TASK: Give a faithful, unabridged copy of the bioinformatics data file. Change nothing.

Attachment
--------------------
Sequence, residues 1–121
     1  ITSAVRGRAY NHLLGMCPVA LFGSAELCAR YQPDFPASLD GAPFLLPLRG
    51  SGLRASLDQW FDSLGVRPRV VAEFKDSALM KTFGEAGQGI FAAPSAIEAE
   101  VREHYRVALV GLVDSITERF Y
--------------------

Sequence, residues 1–121
     1  ITSAVRGRAY NHLLGMCPVA LFGSAELCAR YQPDFPASLD GAPFLLPLRG
    51  SGLRASLDQW FDSLGVRPRV VAEFKDSALM KTFGEAGQGI FAAPSAIEAE
   101  VREHYRVALV GLVDSITERF Y